<<

. 24
( 41 .)



>>

incorporated into a more moral substitute for war.3
Three reasons can explain James™s intense interest in the body and his
keen sensitivity to its expressive role in mental and moral life. One was his
early pursuit of a career in painting, which he formally studied between
1858 and 1861. “˜Art™ is my vocation,” he declared to a friend in 1860 at the
age of eighteen.4 Though this vocation was soon to be replaced by science
and later by philosophy, James™s acutely discriminating attention to bodily
form and subtleties of expression, together with his skill in visualizing and
depicting states of mind and feelings, were no doubt developed by his
youthful passion for drawing and the study of art, which his long and
frequent stays in the cultural centers of Europe helped inspire.
James™s special sensitivity to the body™s pervasive in¬‚uence on our men-
tal and moral states was surely also a product of his own enormous burden
of nagging, recurrent bodily ailments, which for many years threatened to
rob him of any career at all. In what should have been the healthy years of
early manhood, he very often suffered from chronic gastritis, headaches,
constipation, insomnia, listless fatigue, nervous depression, and severe
back pains. He also was plagued by debilitating eye problems that some-
times limited his reading to only forty-¬ve minutes in a row and no more
than two hours a day.5 Forced to give up his career plans for laboratory
science, since he physically could not endure the strain of laboratory
work, James chose to become a doctor despite his lower regard of this
profession as full of “humbug” and “tenth-rate” minds.6 Of the ¬ve years
he took to complete the degree at Harvard Medical School, only two were
spent in school. The rest were devoted to seeking “ primarily through rest
and water cures in various spas of Europe “ the bodily and mental health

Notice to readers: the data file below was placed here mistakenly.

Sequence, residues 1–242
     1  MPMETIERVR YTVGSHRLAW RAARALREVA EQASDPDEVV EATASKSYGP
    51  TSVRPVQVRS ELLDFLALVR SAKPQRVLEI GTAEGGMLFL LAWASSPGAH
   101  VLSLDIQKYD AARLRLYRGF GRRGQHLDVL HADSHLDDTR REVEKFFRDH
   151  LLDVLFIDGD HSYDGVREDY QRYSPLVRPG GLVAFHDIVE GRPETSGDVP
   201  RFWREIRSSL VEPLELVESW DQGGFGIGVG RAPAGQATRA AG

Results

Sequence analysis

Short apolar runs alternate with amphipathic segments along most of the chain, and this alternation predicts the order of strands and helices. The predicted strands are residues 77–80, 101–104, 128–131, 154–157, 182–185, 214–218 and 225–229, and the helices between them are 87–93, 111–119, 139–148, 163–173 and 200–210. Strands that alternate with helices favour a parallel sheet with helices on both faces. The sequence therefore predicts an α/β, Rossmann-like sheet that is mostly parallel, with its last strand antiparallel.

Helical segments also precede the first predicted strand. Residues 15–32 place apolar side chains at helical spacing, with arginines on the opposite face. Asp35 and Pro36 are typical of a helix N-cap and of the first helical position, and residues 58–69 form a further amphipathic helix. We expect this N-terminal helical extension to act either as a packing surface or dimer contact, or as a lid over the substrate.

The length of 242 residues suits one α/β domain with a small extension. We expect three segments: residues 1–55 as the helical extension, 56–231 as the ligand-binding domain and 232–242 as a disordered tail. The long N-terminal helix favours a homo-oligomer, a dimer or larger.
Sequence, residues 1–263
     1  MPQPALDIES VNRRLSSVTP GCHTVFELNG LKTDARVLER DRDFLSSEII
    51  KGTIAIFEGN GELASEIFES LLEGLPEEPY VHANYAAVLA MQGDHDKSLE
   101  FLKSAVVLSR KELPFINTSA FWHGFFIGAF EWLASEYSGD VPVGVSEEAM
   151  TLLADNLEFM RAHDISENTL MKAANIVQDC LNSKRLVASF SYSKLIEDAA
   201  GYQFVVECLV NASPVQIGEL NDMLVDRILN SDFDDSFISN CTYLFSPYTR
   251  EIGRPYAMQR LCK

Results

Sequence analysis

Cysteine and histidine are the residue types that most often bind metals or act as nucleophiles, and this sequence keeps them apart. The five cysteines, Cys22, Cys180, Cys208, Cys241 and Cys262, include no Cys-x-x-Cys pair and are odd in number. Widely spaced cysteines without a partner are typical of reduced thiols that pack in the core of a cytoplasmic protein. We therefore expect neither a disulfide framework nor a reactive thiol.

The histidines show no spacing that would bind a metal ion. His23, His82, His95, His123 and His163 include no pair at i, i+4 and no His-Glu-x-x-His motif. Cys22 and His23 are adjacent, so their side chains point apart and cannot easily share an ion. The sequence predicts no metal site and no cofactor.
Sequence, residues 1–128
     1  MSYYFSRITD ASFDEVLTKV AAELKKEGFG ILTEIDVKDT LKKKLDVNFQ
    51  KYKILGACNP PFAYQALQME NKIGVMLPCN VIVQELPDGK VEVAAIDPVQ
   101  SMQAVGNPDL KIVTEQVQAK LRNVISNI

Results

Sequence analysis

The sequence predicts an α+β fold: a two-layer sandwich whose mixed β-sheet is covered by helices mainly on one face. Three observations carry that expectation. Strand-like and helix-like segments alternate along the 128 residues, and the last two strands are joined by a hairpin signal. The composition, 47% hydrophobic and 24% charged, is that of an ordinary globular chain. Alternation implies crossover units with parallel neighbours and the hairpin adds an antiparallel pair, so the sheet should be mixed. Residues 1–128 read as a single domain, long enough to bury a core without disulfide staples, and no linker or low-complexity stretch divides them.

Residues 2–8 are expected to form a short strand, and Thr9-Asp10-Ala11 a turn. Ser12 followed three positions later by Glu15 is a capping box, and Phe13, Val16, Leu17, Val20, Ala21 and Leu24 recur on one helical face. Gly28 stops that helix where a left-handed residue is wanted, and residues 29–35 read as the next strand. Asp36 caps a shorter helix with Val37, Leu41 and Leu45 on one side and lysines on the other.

3 William James, “The Moral Equivalent of War,” in The Writings of William James, ed. John
McDermott (Chicago: University of Chicago Press, 1977), 664, 665, 670.
4 The Correspondence of William James, ed. I. Skrupskelis and E. Berkeley (Charlottesville:

University Press of Virginia, 1992“2004), 4:33. Hereafter C followed by volume and page
numbers will designate page references to this twelve-volume work.
5 These health problems are expressed in voluminous detail in James™s letters, but see also

Howard Feinstein, Becoming William James (Ithaca, NY: Cornell University Press, 1984).
6 See his letters to friends, as presented in Ralph Barton Perry, The Thought and Character of

William James, 2 vols. (Boston: Little, Brown, 1935), 1:216; and also in The Letters of William
James, ed. Henry James III, 2 vols. (Boston: Atlantic Monthly Press, 1926), 1:79.
Deeper into the Storm Center 137

that could allow him to achieve a successful professional life. Four years
after the degree, James was still, at thirty-one, a jobless dependent “nurs-
ing ill health in his father™s house,” until his friend Henry Bowditch, a
Harvard physiologist, offered James a job as his temporary replacement.
Harvard™s new president, Charles Eliot, who had been James™s chemistry
teacher (and was a neighbor and friend of the family) approved the idea
and eventually arranged for James a regular post in physiology.7
An avowed victim of “neurasthenia” (now regarded as a mythical dis-
ease), James realized that many of his ailments were psychosomatic, the
result of what he repeatedly described as his “miserable nervous system”
(C2:108). His problematic nerves generated bodily disorders that in turn
increased his nervous stress, which then stimulated further somatic com-
plaints and mental anxiety in a vicious spiral of incapacity. How could
James not be deeply impressed by the powerfully reciprocal in¬‚uences of
mind and body when they were played out so often and so dramatically in
his own painful experience of in¬rmity and when they were so carefully
monitored by him as a medical school student and young doctor whose
primary occupation was to heal himself so that he could eventually begin
a career beyond that of a studious invalid? Biographers have sometimes
attributed the onset of these psychosomatic ailments to James™s prob-
lem of choosing a profession and particularly his reluctance to give up a
career in art for one in science and medicine.8 But whatever their cause,